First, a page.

I got an update from Exigen Services recently on their OpenL Tablets business rules product. Exigen Services is a global IT company focused on core systems transformations and management consulting.
I got an update from Exigen Services recently on their OpenL Tablets business rules product. Exigen Services is a global IT company focused on core systems transformations and management consulting. They have 10 delivery centers around the world and about 1,500 professionals. They work in most industries with a focus on insurance, financial services, pharma, telecom and media. Almost all their insurance customers use their OpenL Tablets business rules management system. Sample use cases for OpenL Tablets include such classic business rules solution areas as eligibility and premium calculation, loan scoring and fraud detection, message routing etc. The Exigen companies ecosystem also contains companies like Exigen Insurance Solutions that use OpenL Tablets as part of their solutions for insurance.
OpenL Tablets is an open source business rules management system that Exigen has been developing since 2004. It has the usual components – a rule engine, rule repository, web-based rule editing and management environment and a web services deployment front end. They also have a constraint engine (Constrainer) and a mapping framework (Mapper) for integration. The focus of OpenL Tablets is on allowing business analysts to create and manage business rules independently from a technical team. As such they support both web editing and an Excel format.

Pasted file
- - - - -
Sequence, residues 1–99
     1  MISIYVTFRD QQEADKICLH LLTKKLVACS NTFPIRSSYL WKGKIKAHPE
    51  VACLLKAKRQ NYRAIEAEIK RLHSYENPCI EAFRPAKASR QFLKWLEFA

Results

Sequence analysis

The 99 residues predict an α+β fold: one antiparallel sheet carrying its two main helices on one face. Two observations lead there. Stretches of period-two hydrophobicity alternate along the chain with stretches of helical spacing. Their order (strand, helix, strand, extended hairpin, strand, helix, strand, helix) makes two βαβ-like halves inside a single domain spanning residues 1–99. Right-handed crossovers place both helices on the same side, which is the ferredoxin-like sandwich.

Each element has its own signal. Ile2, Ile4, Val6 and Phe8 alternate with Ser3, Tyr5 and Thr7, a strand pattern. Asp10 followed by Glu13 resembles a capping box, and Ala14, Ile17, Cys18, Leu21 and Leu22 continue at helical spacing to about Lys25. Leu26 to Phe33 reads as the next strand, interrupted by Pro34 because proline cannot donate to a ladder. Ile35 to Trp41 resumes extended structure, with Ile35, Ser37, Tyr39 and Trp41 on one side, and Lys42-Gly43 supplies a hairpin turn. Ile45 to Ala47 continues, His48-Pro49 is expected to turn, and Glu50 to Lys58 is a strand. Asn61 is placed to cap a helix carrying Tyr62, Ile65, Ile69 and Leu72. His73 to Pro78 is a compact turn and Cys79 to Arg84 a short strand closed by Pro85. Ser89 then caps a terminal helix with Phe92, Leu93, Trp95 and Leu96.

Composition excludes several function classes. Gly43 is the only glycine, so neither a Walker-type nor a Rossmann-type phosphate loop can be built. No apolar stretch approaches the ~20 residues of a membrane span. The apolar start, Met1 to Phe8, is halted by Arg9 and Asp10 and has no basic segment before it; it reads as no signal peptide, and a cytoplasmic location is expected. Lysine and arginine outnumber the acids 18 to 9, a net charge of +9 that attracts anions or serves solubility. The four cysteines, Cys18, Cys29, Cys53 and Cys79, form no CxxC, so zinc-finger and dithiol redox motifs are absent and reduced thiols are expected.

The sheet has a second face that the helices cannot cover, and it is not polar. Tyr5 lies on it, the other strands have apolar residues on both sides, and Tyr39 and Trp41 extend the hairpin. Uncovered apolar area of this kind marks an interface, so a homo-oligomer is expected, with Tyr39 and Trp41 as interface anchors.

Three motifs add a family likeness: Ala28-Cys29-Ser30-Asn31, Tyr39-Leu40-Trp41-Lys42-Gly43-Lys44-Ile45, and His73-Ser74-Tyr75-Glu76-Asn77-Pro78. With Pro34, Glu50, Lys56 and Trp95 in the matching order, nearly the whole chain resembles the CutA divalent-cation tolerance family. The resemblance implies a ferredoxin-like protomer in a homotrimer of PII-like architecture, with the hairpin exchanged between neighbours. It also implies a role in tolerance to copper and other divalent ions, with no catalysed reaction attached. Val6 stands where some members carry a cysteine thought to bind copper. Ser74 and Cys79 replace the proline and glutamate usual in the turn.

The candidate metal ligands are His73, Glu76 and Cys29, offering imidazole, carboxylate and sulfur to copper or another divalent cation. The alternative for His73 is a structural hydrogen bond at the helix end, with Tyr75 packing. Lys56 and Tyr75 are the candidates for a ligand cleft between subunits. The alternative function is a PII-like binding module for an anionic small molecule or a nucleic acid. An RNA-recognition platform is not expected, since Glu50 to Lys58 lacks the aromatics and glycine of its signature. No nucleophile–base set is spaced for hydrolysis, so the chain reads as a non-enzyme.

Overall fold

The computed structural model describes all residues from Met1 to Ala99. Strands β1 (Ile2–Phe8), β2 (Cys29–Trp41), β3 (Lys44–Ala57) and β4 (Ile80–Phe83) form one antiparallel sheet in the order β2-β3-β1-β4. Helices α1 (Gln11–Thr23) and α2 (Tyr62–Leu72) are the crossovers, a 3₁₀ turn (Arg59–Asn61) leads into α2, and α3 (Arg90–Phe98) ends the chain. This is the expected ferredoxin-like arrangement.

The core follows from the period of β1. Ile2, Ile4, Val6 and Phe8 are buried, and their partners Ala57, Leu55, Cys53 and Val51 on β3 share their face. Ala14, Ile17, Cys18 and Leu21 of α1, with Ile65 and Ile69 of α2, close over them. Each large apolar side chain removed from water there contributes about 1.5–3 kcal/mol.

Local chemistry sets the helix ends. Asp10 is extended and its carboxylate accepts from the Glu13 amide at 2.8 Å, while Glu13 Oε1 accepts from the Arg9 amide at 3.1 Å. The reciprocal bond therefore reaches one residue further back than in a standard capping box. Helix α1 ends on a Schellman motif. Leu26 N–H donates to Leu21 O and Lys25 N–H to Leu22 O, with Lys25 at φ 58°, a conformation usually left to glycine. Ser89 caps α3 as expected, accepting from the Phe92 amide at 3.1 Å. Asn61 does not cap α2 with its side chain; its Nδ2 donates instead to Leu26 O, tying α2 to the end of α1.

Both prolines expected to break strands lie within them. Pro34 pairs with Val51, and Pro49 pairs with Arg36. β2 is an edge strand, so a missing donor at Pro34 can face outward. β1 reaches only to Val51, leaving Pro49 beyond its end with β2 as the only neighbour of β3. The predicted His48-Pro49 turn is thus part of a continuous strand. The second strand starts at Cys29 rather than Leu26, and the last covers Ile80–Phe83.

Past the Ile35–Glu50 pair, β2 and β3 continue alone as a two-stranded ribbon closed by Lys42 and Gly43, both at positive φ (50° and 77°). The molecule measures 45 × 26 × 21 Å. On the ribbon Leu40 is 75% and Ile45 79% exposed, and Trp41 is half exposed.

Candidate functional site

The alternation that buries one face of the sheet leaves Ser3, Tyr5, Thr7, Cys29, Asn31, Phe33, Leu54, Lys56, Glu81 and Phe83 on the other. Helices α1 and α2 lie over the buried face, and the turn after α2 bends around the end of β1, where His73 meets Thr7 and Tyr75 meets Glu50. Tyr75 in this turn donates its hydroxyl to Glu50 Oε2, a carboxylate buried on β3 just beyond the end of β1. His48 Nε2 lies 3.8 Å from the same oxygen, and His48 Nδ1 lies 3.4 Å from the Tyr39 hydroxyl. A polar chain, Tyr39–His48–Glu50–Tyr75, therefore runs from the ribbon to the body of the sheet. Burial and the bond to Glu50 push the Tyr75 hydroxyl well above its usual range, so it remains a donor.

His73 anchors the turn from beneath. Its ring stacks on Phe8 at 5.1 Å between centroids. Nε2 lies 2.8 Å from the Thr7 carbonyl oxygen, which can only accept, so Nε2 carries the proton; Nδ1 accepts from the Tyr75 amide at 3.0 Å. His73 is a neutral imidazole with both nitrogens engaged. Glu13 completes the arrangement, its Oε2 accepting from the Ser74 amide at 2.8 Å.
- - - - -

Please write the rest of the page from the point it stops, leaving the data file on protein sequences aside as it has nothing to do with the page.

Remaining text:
A variety of rule tables are supported – rule sheets, lookup tables, cross-reference decision tables and tables designed to represent decision trees (though these are a little awkward obviously as they are in a table). Documentation and more advanced formulae can be embedded in these tables using business expressions (however, Java 5 syntax can be also used by default). Human-readable versions of data elements defined in the domain model and any vocabulary are used in the rules for clarity. The overall flow of a decision is sequential and managed by tables themselves using nested calls to other tables. Algorithm tables can include loops and other programming constructs and other tables are used to manage the domain model as well as to define a vocabulary (allowed values for instance) and test data.
Rules are loaded up into the web environment from Excel – most customers will do initial rules development in Excel, then do a mix of online and Excel-based editing. Once in the web-based environment rules can be tested using test data, edited in the web environment or re-opened in Excel. Changes to the rules in the web editor are made directly to the Excel files and the file can be opened again to show all the changes as well as original documentation, layout etc.
Tables in the web editor can be set up to prevent overlaps or gaps in conditions and properties. Test cases can be defined and run online and test results are displayed showing which tests passed or failed. The decision tables involved can be accessed directly from the test results and each test can be traced using the logging features. Similarly compile or data errors are displayed inline and can be used to navigate directly to the table with an error. The web-based environment supports undo/revert, access to versioning/source code control, check-in/check-out, visualization of changes made, effective dates etc. The online environment supports deep linking to a specific table and the web editor can be embedded in other environments as a separate component.
Logging of rules fired is supported and changes can be applied to a running system. Deployment can be to a company’s own servers or to Exigen SaaS servers as REST or other services.
Future features include internationalization, database lookup for vocabulary and values, ACL security for access control and improvement in rule execution logs (specifically better access to them, replay and more details) plus support for Google Spreadsheets and Excel Live365.
Copyright © 2013 http://jtonedm.com James Taylor